AFP (Dec. 19, 2014) In Yarumal, a village in N. Colombia, Alzheimer's has ravaged a disproportionately large number of families. A genetic "curse" that may pave the way for research on how to treat the disease that claims a new victim every four seconds. Duration: 02:42 Video provided by AFP
Powered by NewsLook.com
The Best Protein-Filled Foods to Energize You for the New Year

The Best Protein-Filled Foods to Energize You for the New Year

Buzz60 (Dec. 19, 2014) The new year is coming and nothing will energize you more for 2015 than protein-filled foods. Fitness and nutrition expert John Basedow (@JohnBasedow) gives his favorite high protein foods that will help you build muscle, lose fat and have endless energy. Video provided by Buzz60
Powered by NewsLook.com

Search ScienceDaily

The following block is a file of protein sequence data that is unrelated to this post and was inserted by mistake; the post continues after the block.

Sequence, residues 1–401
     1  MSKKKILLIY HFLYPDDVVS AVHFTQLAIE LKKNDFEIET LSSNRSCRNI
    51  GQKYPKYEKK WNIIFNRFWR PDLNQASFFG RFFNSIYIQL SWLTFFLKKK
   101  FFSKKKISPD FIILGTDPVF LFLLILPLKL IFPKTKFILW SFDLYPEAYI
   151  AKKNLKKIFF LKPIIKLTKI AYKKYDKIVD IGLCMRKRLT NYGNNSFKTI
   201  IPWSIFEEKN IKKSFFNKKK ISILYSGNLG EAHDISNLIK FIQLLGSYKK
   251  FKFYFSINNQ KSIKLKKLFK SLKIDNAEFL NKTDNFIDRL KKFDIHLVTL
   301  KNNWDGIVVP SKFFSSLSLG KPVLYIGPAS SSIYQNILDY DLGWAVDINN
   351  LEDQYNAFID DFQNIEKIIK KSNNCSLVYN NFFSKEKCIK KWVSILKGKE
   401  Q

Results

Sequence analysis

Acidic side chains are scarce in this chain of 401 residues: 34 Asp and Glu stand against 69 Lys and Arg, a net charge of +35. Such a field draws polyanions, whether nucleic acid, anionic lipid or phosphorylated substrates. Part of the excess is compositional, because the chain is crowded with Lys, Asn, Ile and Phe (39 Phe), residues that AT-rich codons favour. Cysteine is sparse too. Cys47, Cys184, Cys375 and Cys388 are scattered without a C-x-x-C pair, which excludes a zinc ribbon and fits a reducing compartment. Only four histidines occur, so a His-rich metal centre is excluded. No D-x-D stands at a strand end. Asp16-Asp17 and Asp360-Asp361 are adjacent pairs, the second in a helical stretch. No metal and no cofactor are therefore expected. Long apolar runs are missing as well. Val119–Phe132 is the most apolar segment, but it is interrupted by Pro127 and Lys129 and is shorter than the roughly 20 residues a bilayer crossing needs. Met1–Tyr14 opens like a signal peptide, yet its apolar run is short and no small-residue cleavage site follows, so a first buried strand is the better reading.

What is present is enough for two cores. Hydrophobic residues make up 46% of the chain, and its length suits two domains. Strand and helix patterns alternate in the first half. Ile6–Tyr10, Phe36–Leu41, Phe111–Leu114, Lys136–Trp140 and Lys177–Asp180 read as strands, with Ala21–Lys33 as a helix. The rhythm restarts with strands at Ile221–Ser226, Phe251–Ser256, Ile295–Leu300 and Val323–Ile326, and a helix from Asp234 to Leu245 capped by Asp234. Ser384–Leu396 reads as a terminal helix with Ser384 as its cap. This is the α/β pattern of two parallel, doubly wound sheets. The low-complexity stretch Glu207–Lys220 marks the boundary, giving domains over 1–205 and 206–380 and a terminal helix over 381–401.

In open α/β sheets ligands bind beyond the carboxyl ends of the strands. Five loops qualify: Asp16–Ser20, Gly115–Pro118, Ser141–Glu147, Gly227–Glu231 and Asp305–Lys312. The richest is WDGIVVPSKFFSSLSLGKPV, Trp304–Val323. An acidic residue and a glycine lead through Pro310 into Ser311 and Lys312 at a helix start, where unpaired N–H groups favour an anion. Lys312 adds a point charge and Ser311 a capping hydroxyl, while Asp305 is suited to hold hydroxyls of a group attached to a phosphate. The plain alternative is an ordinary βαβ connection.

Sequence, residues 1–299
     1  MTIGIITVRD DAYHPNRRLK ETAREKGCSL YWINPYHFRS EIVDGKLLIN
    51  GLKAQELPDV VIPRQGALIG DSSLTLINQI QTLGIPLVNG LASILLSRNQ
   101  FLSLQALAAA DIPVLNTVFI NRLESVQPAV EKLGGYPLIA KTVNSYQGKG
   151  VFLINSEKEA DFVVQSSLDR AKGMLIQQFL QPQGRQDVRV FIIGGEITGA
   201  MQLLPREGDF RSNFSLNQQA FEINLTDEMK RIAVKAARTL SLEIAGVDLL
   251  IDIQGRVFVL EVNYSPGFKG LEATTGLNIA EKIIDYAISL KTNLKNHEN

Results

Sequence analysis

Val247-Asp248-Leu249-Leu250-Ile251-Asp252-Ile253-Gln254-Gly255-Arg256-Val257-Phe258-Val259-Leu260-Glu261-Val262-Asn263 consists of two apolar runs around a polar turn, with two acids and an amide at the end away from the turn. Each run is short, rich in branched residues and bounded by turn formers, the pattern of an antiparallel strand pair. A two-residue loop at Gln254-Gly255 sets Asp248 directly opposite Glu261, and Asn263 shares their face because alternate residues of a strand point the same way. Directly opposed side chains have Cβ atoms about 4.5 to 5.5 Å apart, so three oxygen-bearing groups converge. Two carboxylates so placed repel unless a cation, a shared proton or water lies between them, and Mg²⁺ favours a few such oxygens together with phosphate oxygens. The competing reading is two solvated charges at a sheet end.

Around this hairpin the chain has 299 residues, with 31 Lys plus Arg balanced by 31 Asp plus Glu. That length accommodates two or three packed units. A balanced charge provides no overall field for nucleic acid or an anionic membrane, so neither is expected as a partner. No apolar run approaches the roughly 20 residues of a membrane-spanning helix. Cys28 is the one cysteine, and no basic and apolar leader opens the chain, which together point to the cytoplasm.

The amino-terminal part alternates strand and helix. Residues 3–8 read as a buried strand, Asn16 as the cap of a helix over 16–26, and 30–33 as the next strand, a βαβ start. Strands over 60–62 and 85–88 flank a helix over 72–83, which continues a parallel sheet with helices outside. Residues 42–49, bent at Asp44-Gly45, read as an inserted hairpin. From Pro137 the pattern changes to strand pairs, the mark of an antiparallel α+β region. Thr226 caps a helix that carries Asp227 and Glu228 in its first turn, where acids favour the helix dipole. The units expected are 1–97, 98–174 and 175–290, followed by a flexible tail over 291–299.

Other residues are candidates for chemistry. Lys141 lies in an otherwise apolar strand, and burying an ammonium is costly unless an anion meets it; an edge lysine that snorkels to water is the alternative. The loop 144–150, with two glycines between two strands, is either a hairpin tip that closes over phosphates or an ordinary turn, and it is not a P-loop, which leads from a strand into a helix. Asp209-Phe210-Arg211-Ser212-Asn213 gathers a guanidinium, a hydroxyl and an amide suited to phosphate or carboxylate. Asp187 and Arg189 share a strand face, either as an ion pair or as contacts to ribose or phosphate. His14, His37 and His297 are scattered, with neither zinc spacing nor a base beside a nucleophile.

Number of stories in archives: 140,361

Find with keyword(s):
Enter a keyword or phrase to search ScienceDaily for related topics and research stories.

Save/Print:
Share:

Breaking News:

Strange & Offbeat Stories


Health & Medicine

Mind & Brain

Living & Well

In Other News

... from NewsDaily.com

Science News

Health News

Environment News

Technology News



Save/Print:
Share:

Free Subscriptions


Get the latest science news with ScienceDaily's free email newsletters, updated daily and weekly. Or view hourly updated newsfeeds in your RSS reader:

Get Social & Mobile


Keep up to date with the latest news from ScienceDaily via social networks and mobile apps:

Have Feedback?


Tell us what you think of ScienceDaily -- we welcome both positive and negative comments. Have any problems using the site? Questions?
Mobile: iPhone Android Web
Follow: Facebook Twitter Google+
Subscribe: RSS Feeds Email Newsletters
Latest Headlines Health & Medicine Mind & Brain Space & Time Matter & Energy Computers & Math Plants & Animals Earth & Climate Fossils & Ruins